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Advanced traffic management tech market hits $1bn

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A new report from Navigant Research analyzes the ongoing transformation occurring in the traffic management industry, providing global market forecasts, segmented by region and technology, through 2028.

Advanced traffic management systems (ATMSs) such as adaptive traffic control (ATC) are enabling greater efficiencies in the traffic management ecosystem and can help integrate the expected growth in vehicle populations without overwhelming existing infrastructure. ATMSs are also enabling the development of smart intersections, which are emerging as one of the most important data-driven backbones needed for solving core city challenges. Click to tweet: According to a new report from Navigant Research, the global market for advanced traffic management will be worth more than $1.1 billion in 2019. Annual revenue is expected to grow to nearly $3.8 billion by 2028, representing a compound annual growth rate (CAGR) of 14.2%.

“The global advanced traffic management market is expected to more than triple by 2028,” says Ryan Citron, senior research analyst with Navigant Research. “Over the next 10 years, the market is expected to achieve gradual but accelerating growth as cities prioritize reducing traffic congestion and greenhouse gas emissions, make improvements in safety and livability, and integrate ATMSs with other smart city initiatives (e.g., smart street lighting).”

Currently, cities vary in their level of maturity in using ATMSs. Collecting traffic and vehicle detection data is often the first step toward advanced traffic management. Then, in-depth traffic analytics enable traffic managers to develop mitigation strategies and make operational improvements to existing traffic signal timing systems. In cities with mature traffic management solutions, ATC technologies enable traffic signals to adjust based on real-time traffic conditions, traffic data is sent from traffic lights to connected vehicles, inter-agency data sharing is on the rise, and transport platforms are used to manage mobility ecosystems.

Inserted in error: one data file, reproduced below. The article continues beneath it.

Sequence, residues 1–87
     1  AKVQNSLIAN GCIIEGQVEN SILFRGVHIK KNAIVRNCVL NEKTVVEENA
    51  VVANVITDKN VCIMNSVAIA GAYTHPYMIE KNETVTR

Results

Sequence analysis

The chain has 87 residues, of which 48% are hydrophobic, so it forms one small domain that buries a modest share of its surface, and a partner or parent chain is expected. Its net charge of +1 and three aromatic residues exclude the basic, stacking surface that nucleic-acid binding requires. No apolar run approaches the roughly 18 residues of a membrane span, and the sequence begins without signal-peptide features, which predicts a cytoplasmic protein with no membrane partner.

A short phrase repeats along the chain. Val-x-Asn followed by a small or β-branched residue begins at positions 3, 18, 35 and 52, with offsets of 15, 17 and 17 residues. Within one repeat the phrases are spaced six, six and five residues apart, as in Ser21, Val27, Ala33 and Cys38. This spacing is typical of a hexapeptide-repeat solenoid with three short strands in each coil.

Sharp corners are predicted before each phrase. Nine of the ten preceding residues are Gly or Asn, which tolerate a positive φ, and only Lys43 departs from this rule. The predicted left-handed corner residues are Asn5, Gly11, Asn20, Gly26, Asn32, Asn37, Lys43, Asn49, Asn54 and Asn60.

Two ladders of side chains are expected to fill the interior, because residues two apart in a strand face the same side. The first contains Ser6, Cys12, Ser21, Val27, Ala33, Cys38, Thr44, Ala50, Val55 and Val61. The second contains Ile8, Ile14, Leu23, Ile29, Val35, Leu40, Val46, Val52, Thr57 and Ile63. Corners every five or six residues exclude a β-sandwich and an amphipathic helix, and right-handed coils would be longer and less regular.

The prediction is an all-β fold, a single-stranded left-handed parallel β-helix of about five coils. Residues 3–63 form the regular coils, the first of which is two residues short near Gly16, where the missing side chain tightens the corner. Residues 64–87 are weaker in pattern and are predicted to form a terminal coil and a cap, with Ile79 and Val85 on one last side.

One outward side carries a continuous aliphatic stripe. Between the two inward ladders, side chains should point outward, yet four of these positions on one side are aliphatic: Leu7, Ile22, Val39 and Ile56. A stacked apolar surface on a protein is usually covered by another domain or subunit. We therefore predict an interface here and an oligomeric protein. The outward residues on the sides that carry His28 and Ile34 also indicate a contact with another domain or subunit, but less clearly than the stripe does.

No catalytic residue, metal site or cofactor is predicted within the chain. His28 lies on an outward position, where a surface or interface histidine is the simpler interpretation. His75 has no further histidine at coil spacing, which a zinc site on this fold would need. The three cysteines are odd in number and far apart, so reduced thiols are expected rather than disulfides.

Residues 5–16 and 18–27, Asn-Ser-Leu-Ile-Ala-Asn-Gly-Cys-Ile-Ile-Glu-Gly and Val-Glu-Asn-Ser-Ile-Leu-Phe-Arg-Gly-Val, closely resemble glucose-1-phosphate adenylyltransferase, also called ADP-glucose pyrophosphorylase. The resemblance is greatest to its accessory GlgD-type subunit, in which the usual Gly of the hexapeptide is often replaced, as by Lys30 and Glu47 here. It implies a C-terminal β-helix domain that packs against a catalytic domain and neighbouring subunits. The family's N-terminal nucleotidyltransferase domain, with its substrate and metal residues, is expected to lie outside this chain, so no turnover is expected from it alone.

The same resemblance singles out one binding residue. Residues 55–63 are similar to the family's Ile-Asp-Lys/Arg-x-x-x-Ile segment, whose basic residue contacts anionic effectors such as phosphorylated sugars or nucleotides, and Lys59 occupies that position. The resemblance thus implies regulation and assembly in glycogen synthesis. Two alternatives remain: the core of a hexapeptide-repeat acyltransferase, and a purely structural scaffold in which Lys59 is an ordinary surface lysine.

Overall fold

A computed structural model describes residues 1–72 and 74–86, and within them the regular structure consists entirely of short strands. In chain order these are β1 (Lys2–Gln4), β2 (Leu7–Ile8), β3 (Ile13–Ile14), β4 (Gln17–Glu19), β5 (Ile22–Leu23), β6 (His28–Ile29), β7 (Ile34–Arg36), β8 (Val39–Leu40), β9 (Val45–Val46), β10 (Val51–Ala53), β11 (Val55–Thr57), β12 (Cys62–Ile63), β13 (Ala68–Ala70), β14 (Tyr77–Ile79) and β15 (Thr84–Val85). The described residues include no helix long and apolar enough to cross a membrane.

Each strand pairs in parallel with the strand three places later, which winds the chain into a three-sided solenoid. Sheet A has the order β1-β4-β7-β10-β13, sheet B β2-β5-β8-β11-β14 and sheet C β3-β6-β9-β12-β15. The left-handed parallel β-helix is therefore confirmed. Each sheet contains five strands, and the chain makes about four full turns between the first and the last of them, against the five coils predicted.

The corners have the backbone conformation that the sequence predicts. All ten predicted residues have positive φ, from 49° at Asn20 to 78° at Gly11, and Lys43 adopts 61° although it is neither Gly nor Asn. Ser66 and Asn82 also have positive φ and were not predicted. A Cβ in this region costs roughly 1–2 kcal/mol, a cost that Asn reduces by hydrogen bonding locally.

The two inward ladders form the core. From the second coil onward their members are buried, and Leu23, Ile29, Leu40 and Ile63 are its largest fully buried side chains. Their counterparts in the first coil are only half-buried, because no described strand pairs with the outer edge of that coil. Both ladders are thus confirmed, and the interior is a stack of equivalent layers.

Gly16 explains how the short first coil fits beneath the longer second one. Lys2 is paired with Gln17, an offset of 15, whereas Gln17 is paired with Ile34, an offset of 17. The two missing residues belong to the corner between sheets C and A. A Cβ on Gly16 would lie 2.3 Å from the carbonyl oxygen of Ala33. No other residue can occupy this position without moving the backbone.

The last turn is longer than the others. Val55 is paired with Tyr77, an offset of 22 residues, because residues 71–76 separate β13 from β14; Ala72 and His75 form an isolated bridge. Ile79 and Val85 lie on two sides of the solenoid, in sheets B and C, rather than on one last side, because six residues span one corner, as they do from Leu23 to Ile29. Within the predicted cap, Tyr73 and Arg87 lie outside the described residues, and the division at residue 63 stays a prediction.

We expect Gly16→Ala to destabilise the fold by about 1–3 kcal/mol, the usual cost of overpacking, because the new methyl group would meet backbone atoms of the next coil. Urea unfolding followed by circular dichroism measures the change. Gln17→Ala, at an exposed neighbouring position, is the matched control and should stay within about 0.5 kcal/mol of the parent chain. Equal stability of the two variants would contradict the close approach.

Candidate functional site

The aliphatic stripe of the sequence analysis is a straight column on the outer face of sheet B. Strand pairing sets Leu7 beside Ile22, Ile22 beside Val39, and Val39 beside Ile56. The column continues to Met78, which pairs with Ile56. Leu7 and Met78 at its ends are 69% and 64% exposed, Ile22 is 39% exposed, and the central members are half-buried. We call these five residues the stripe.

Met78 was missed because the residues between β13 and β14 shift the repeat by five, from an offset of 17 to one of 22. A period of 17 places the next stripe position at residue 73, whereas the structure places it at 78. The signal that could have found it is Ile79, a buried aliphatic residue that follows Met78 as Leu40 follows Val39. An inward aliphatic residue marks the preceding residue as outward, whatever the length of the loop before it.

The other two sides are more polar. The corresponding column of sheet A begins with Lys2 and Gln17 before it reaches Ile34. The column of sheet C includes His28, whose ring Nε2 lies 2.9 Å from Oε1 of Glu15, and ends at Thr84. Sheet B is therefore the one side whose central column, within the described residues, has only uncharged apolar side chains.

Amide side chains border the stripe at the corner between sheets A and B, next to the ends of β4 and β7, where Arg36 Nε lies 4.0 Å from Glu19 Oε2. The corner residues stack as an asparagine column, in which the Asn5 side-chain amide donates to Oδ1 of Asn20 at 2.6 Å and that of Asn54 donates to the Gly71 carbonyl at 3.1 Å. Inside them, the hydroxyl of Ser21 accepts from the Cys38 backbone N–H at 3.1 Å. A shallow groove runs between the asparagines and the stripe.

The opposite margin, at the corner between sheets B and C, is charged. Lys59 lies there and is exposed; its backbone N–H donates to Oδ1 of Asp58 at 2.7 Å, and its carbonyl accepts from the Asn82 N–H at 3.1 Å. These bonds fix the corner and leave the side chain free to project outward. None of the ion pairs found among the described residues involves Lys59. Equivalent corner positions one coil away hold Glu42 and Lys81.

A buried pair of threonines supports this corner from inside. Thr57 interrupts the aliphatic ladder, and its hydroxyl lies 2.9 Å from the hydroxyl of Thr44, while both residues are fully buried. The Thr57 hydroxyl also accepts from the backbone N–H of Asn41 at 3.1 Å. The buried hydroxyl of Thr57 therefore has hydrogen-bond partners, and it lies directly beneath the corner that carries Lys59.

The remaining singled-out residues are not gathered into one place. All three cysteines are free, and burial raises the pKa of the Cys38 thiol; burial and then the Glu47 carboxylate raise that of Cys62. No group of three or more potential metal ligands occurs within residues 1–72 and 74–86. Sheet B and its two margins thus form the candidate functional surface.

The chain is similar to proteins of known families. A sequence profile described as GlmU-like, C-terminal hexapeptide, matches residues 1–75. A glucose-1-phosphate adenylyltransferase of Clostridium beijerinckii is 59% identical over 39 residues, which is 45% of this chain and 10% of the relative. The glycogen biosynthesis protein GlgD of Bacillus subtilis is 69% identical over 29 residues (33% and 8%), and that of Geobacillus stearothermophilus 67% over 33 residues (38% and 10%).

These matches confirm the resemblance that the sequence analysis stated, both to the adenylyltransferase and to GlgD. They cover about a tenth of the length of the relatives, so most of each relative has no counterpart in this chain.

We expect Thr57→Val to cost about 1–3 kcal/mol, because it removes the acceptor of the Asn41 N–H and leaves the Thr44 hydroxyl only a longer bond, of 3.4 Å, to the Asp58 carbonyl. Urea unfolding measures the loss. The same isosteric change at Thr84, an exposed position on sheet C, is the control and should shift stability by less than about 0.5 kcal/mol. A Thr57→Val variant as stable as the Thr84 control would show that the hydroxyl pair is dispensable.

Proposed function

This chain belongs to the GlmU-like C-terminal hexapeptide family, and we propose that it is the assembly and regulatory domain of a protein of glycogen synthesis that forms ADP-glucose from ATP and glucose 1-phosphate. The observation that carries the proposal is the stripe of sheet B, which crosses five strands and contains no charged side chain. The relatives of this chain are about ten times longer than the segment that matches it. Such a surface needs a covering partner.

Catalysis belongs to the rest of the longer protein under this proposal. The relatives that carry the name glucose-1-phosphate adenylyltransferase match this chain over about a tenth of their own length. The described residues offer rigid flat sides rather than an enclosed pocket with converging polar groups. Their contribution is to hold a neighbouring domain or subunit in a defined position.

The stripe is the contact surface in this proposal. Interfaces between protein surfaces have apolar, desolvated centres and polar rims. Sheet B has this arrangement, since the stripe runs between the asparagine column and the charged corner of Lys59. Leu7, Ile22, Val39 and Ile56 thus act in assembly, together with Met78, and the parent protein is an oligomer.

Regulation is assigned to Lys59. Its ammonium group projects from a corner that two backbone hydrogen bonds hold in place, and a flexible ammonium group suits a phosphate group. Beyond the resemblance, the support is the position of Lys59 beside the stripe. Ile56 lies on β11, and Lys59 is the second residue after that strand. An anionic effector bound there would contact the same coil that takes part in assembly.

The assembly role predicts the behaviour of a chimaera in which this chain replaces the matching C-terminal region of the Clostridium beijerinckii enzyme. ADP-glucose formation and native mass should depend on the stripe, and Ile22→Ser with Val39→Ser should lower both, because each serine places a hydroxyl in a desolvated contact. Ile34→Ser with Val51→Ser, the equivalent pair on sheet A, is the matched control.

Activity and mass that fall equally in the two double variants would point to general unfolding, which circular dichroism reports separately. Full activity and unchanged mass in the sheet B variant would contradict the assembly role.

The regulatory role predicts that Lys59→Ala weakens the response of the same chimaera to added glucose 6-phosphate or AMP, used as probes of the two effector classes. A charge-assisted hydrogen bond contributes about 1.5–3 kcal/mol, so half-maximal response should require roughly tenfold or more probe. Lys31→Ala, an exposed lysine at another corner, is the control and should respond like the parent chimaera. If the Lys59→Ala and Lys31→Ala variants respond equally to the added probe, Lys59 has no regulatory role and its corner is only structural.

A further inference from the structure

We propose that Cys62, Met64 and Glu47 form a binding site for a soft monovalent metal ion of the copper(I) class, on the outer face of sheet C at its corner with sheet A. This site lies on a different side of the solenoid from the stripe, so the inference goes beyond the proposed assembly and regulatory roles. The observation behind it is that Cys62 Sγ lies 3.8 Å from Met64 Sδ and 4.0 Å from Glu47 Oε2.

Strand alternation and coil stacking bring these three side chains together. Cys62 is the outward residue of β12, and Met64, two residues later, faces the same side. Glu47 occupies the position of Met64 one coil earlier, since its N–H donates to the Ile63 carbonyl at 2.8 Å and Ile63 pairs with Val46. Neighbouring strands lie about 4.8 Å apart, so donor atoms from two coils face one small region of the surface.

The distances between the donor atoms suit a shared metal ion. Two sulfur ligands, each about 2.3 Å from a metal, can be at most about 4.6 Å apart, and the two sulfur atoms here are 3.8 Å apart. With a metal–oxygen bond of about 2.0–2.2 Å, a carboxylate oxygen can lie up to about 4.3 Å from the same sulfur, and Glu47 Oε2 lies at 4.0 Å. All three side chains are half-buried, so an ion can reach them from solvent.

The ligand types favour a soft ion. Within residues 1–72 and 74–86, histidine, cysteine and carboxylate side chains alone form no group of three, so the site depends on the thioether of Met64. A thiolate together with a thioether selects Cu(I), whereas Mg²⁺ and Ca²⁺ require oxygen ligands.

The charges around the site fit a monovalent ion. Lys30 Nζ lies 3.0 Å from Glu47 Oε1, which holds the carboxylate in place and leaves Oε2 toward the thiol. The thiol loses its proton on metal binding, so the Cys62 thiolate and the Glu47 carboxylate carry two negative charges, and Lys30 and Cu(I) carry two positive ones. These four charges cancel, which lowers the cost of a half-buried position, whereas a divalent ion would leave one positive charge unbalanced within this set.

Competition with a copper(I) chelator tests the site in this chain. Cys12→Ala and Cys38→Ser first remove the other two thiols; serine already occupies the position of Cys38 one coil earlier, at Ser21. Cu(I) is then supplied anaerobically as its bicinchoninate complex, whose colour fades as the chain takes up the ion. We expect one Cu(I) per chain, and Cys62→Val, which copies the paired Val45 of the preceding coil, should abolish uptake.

The report, Advanced Traffic Management for Smart Cities, analyzes the ongoing transformation occurring in the traffic management industry. The study focuses on ATC, traffic analytics, artificial intelligence, vehicle-to-infrastructure communications, and vehicle detection technologies. Global market forecasts, segmented by region and technology, extend through 2028. This report also explores regional trends in advanced traffic management strategy and highlights city case studies where innovative projects are being deployed. An Executive Summary of the report is available for free download on the Navigant Research website.